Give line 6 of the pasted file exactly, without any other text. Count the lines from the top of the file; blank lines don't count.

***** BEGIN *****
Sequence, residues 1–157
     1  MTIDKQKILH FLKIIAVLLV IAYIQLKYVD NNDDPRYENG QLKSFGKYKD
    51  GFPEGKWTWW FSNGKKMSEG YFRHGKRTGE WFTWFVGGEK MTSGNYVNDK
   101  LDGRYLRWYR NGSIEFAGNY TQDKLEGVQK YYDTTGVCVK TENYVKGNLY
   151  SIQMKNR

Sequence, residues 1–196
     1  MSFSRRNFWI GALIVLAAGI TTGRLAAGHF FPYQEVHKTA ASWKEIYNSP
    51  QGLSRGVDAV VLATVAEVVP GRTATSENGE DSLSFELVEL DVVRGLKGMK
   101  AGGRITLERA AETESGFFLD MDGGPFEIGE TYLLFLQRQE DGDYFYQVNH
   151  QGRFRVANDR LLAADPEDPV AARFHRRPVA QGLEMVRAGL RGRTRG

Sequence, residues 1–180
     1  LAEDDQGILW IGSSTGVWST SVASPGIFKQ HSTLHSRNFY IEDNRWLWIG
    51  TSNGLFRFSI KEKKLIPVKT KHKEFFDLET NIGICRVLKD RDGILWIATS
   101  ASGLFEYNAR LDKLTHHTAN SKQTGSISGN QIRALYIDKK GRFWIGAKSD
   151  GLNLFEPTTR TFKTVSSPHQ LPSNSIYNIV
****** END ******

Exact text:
Sequence, residues 1–196